The '415 patent was aimed at reducing distortion of an image's color and spatial properties caused by imaging devices (e.g. digital cameras, TVs, printers) due to the fact that such devices differ in the range of colors and spatial information that they utilize. According to the court, independent claims 1 and 26 described a device profile as "a collection of information; specifically, a description of a device dependent transformation of spatial and color information":

1. A device profile for describing properties of a device in a digital image reproduction system to capture, transform or render an image, said device profile comprising: first data for describing a device de-pendent transformation of color information content of the image to a device independent color space; and second data for describing a device de-pendent transformation of spatial in-formation content of the image in said device independent color space.

26. A device profile for describing properties of a device in a digital image reproduction system to capture, transform or render an image, said device profile comprising data for describing a device dependent transformation of spatial information content of the image to a device independent color space, wherein through use of spatial stimuli and device response for said device, said data is represented by spatial characteristic functions.

Digitech argued that the claimed "device profile" was patent eligible subject matter under section 101 because it was a tangible object that was an "integral part of the design and calibration of a processor device within a digital image processing system." In particular, Digitech argued that the device profile is "hardware or software within a digital image processing system" and exists as a tag file appended to a digital image. The court disagreed, finding that Digitech's position was unsupported by the claim language, which did not describe the device profile as a tag or any other embodiment of hardware or software ("[T]he claims encompass all embodiments of the information contained in the device profile, regardless of the physical process through which this information is obtained or the physical medium in which it is stored."). Thus, the claimed device profile was viewed as a collection of information or data in an "ethereal, non-physical form" that was ineligible subject matter under section 101.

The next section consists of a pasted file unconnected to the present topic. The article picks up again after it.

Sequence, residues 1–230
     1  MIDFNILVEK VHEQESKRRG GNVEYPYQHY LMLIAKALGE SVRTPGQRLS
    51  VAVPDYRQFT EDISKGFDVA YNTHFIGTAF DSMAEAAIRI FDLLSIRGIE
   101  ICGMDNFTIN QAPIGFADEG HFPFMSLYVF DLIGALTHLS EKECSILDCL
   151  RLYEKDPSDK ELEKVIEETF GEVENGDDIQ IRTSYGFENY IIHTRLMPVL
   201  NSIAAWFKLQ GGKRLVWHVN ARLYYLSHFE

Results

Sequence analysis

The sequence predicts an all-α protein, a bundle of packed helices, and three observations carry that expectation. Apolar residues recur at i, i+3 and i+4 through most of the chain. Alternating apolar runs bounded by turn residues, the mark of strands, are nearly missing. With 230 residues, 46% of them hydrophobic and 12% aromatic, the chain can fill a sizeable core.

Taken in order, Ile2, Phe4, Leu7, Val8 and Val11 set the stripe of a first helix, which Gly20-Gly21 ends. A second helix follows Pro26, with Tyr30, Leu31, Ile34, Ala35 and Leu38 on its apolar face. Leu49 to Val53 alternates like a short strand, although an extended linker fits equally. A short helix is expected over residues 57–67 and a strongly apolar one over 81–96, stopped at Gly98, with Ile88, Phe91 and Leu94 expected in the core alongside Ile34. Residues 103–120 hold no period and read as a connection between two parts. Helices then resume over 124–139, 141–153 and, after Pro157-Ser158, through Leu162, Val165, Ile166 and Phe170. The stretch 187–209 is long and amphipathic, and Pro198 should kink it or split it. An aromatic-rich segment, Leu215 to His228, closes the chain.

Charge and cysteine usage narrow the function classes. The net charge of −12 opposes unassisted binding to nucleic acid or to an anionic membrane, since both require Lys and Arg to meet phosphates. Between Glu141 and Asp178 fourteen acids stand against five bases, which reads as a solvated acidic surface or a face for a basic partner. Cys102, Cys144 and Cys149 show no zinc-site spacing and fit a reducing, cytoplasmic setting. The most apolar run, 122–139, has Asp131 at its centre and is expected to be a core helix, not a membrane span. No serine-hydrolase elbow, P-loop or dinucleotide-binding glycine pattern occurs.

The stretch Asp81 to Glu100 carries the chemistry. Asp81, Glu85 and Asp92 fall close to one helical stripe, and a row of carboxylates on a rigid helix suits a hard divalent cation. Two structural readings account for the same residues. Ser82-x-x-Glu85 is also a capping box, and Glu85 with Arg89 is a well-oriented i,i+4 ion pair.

Similarly, the patent's method claim for generating a device profile was found to be ineligible subject matter because it was directed at an abstract process of organizing information through mathematical correlations (i.e. combining two data sets into a single data set, the device profile) that was not tied to a specific structure or machine and "did not require input from a physical device." The court noted the established principle that claims falling within one of the four subject matter categories (e.g. process) may nevertheless be ineligible if they encompass laws of nature, physical phenomena, or abstract ideas and the Supreme Court's recent affirmation that fundamental concepts by themselves, are ineligible abstract ideas. Citing Diamond v. Chakrabarty, 447 U.S. at 309 and Alice Corp. v. CLS Bank Int'l, 573 U.S. ___, No. 13-298, slip op. While Alice recognized that a claim may be eligible if it includes additional inventive features beyond just the abstract idea, recitation of an abstract idea does not become patent eligible "merely by adding the words 'apply it'." Bancorp Servs., LLC v. Sun Life Assurance Co. of Can., 687 F.3d 1266, 1276 (Fed. Cir. 2012).

The court's reasoning suggests that the patent could have been in compliance with section 101 had its claims been expressly tied to an image processor and its use of the "device profile" to capture, transform or render the digital image. Instead, the claims only recited the manipulation of existing data (i.e., measured chromatic stimuli, spatial stimuli, and device response characteristic functions) into a new form (device profile). The claims' reference to a "digital image reproduction system" in the preamble was found to be insufficient for imparting such limitations. Citing Bicon, Inc. v. Strau-mann Co., 441 F.3d 945, 952 (Fed. Cir. 2006) (holding that the preamble does not limit claim scope if it "merely states the purpose or intended use of an invention.") The claims were simply too broad and lacked the requisite tangible/ physical limitations to go beyond abstract mathematical algorithms.